Encephalopathy is a general term referring to any acute or chronic diffuse disturbance of brain function. Characteristically it is used to describe an altered level of consciousness, which may range from drowsiness to a failure of selective attention, to hypervigilance; with or without: disordered perception, memory (i.e., cognitive deficits); convulsions; headache; abnormal movements, such as tremor, myoclonus, or asterixis; and focal neurological deficits (less common). Clearly these features overlap with those of delirium.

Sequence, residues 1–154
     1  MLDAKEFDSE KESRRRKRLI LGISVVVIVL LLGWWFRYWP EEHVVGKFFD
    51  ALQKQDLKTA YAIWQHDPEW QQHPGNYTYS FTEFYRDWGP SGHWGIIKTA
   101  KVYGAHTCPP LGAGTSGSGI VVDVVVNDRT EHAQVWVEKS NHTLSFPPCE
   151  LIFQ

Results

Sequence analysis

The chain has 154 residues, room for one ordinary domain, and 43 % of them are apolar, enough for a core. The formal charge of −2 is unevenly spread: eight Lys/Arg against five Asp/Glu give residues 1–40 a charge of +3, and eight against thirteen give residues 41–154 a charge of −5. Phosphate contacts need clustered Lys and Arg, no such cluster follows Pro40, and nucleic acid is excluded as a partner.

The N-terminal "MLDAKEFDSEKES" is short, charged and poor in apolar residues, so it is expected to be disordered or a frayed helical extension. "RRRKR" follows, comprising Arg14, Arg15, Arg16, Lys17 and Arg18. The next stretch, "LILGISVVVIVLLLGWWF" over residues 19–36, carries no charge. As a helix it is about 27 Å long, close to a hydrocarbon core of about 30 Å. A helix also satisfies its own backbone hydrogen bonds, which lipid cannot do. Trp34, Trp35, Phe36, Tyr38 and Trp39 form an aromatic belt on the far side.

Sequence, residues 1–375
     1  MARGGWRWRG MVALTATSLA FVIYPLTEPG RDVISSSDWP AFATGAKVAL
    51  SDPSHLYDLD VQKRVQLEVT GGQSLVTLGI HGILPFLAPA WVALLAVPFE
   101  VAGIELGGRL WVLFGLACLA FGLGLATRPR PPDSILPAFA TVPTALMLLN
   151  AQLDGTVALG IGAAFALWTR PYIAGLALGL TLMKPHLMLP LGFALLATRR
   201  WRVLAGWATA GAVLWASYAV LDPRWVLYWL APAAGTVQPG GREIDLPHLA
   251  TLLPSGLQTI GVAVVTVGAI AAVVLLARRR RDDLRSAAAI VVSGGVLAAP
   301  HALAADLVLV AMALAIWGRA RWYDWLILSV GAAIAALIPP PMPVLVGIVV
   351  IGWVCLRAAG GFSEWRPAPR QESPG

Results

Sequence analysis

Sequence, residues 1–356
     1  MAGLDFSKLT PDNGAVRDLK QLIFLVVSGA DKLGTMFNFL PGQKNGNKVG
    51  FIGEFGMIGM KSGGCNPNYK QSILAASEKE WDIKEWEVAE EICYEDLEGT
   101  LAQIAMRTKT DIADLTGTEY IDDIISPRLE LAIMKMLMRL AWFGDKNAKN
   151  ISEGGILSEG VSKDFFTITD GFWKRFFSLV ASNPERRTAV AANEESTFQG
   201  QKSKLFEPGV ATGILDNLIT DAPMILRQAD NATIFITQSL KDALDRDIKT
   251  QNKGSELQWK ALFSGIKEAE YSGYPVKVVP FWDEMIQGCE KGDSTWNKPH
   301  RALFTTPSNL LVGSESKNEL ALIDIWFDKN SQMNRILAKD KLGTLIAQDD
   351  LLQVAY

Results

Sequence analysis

As with terms, such as coma and stupor, it is probably better to give a description of the patients clinical state rather than use a term that is open to variable interpretation. Although the term is sometimes reserved for metabolic causes of diffuse brain dysfunction, this usage is not universal. Conditions which may be described as an encephalopathy include:
Metabolic disorders: hypoxia/ischemia, hypoglycemia; organ failure, electrolyte disturbances, hypertension
Brain inflammation/infection (e.g., encephalitis)
Miscellaneous conditions, e.g., Alzheimer’s disease, CreutzfeldtJakob disease.